He knew there would be a bit of pressure applied to pick this player or that based on the village they came from rather than their ability.
What he didn’t know was that some players would come to training starving having barely eaten for days. He had no idea the typical Fijian diet would be riddled with sugar and carbohydrates and entirely at odds with what their bodies actually needed to perform in such a demanding sport.
It was a diet so poor that half of his squad were afflicted with rotten teeth – unable to give of their best due to extreme pain related to shocking oral hygiene.
He didn’t know the extent of the poverty from which some players came or the tragedies and difficulties they would be dealing with in their villages.
And he didn’t know how unscrupulous and incessant predatory player agents would be, promising the world and so often failing to deliver.
Ryan was up against far more than he ever possibly imagined. It could have broken him, seen him give up after a year when he realised the magnitude of what he was facing.
But far from break him, it made him. It brought him back to being himself – the innovative, out of the box thinker that had catapulted him to the England post many years previously.
In Fiji he came back to being his true self and rather than come in with fixed ideas about what constitutes a high performance culture, he stood back, observing, listening and learning before gently adapting how the team trained, what they ate and the routines they went through before they played.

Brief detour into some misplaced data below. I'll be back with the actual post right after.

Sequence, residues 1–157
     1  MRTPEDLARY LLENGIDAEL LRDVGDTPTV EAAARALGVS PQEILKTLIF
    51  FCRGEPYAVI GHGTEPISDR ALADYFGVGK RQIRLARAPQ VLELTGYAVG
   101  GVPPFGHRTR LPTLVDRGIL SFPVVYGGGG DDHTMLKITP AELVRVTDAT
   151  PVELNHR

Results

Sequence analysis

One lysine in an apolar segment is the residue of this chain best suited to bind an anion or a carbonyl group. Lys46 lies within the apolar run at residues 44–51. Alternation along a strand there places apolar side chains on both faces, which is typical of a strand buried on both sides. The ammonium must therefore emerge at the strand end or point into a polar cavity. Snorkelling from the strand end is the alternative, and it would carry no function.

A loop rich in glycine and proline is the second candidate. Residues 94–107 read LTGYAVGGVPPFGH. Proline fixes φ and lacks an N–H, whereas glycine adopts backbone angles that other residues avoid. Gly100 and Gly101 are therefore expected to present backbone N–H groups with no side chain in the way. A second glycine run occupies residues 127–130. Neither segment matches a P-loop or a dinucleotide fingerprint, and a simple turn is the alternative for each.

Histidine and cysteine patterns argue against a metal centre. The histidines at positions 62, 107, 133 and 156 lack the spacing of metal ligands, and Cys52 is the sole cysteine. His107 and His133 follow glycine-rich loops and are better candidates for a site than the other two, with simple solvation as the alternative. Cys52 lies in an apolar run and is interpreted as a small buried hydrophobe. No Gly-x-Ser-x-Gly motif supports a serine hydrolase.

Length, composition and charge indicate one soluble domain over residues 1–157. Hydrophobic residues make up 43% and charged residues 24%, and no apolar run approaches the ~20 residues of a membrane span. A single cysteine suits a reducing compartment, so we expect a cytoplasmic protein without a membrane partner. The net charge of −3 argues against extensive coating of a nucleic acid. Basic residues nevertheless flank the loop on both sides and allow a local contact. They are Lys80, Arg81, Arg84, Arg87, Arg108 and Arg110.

He played the long game, prepared to be patient and resilient to change things day by day, piece by piece and to accept there would be multiple setbacks along the way.
“In the first few months, I didn’t want to be this English guy coming in telling them how to do things,” says Ryan.
“That is not my style anyway and I listened and spoke to the people around me and I quickly realised how important family is and how important their back story is and how they were brought up was effecting hugely how they felt about things and what was driving them.
“You could be the be best technical coach in the world but if you don’t manage players you don’t get them to trust you and to understand you and buy into what you are trying to do and you are dead in the water.
“It sounds a bit funny, but if there was a problem I would speak to their mums. That usually solved all matter of problems. My physio, manager and trainer were Fijian and that really helped because I could plug into the community that much quicker and they could see that I was not driving a culture that was alien to Fiji.
IT SOUNDS A BIT FUNNY, BUT IF THERE WAS A PROBLEM I WOULD SPEAK TO THEIR MUMS. THAT USUALLY SOLVED ALL MATTER OF PROBLEMS.’ BEN RYAN